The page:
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Reminiscing about textbooks – top picks and why?

Posted by naturalproductman on November 26, 2014

Today I wanted to talk about the undergrad textbooks I had and highlight any interesting ones that stood out and why. Of course, these are all my subjective opinions and I am sure many people have their own favorites and reasons as well, so I invite any comments to talk about other opinions.

Inorganic Textbook:

Advanced Inorganic Chemistry by Huheey Keiter and Keiter was a great textbook. I remember going to the undergrad library and checking out the book on reserve and spending a few hours on Sunday just to read the book while I was taking my upper division inorganic chemistry class. What I liked about the book was that: it combined molecular orbital theory and practical applications (i.e. Tanabe Sugano diagram), it covered d-orbitals and had a good introduction to transition metal chemistry, which was a good introduction for any organometallic chemist. The problems in the end of each chapter were great.

There was some organometallic textbook by Hegedus as well, but I don’t recall too much theoretical explanations behind the different cross-couplings. But it is a good reference book to have if you want to be able to look up certain cross couplings.

Organic Textbook:

Organic Chemistry by G Marc Loudon was a good one for the straight chemist – the thing I liked about this book was that it flat out gave the explanations of concepts and in some parts of the book, it would have a little section for the practical application of the concept in biology. My memory of this book was that I would read it in the car during the summers just for fun.

Organic Chemistry by Vollhardt and Schore was another book that was pretty straightforward and easy to understand. I don’t recall the little sections that Loudon had though. I would also read this one in the car during summer for fun.

Organic Synthesis – The disconnection approach by Stuart Warren was a really nice book that was full of synthesis problems. I remember I went through that entire book of disconnections/retrosynthetic analyses over a two month period and after going through the entire book, I can safely say that I became a better synthetic chemist.

Physical Textbook:

Mcquarrie’s red Physical Chemistry textbook was pretty good – although I wasn’t too much of a math person in college because the multivariable calculus had given me nightmares. Sometimes it isn’t about the subject though, and it is more about the teacher. I think I just went to a fast paced undergrad competing with other top students. The classes were cutthroat and it was more of an environment where you would be left for scraps if you fell behind.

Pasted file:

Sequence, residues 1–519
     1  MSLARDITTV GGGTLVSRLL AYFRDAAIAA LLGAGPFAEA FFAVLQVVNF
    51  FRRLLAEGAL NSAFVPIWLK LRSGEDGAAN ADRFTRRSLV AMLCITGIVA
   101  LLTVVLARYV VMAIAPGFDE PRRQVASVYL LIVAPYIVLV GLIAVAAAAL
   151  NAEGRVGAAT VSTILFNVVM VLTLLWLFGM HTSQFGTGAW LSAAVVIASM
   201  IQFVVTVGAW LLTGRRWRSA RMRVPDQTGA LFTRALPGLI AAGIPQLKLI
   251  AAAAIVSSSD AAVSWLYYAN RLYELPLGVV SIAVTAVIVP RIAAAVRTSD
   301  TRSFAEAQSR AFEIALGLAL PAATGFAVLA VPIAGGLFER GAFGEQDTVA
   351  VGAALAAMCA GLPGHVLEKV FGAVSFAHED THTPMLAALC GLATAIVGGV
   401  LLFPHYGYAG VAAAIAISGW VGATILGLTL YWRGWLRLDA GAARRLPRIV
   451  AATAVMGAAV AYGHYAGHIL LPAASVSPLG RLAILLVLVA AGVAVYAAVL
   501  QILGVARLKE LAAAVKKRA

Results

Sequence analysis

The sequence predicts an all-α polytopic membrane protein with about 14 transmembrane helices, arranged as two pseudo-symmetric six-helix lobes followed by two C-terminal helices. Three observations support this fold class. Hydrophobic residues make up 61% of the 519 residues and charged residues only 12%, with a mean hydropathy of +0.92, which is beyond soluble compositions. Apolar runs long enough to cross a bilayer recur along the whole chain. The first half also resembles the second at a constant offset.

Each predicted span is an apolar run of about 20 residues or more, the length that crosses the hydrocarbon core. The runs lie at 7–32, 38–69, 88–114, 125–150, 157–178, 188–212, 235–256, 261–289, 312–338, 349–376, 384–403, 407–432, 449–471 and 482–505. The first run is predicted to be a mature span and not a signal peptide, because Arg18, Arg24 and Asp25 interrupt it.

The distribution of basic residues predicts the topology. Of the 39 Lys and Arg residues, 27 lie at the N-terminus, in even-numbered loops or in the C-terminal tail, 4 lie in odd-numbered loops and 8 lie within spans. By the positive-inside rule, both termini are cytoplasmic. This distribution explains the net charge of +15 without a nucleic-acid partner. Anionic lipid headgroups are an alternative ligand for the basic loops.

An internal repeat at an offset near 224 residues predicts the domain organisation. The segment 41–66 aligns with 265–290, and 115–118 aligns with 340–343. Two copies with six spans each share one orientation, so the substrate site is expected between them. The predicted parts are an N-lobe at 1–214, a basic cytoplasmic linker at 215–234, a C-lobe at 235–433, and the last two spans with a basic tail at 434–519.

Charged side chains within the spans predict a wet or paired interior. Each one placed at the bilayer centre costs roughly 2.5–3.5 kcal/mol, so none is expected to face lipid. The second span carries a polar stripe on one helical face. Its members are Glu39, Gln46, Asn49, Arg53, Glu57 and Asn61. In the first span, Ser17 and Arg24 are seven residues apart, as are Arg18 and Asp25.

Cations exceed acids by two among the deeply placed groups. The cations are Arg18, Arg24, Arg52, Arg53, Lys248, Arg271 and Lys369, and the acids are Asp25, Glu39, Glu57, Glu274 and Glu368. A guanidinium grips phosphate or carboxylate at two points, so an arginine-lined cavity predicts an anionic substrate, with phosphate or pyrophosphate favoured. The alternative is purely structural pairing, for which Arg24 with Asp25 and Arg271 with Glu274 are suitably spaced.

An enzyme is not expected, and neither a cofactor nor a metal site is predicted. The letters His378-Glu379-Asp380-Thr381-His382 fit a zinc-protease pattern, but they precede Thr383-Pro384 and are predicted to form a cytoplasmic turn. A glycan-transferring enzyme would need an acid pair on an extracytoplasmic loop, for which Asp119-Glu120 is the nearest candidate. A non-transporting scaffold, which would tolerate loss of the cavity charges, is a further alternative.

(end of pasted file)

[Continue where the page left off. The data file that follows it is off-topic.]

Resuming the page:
Biochemistry Textbook:

Lehninger’s book was good it had an online learning tool where you could go through some mini lessons on some topics.

To rank my top 3 books from my personal point of view, which reflects on my interests when I was younger: (1) Advanced inorganic, (2) Loudon’s organic, (3) Warren’s disconnection approach.

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7 Responses to “Reminiscing about textbooks – top picks and why?”

  1. earth23 said

    Modern Physical Organic Chemistry is one of the best books every written on any subject. Very easy to read, lots of pertinent examples.

    http://www.amazon.com/Modern-Physical-Organic-Chemistry-Anslyn/dp/1891389319

    • naturalproductman said

      Oh yeah I forgot about this book. I got into this one in grad school more and preferred this book over the Advanced Organic Chemistry books by Carey and Sundberg, which I felt were more listing a bunch of references than explaining the concepts in detail…

  2. Kyle said

    One of the things I have been looking for is a good textbook in the field of Bioinorganic. Any thoughts? I’ve looked at Kaim and co’s book and Rehder’s book so far.

    I really enjoy crabtree’s organometallic book (I used it in undergrad and grad school).

    These days, inorganic classes seem to use Fisher, Miessler and Tarr. I am still trying to make my opinion on that in terms of a good current inorganic text. Other options are Housecroft and Sharpe or Shriver’s texts. Both of those are bigger and are more like surveys.

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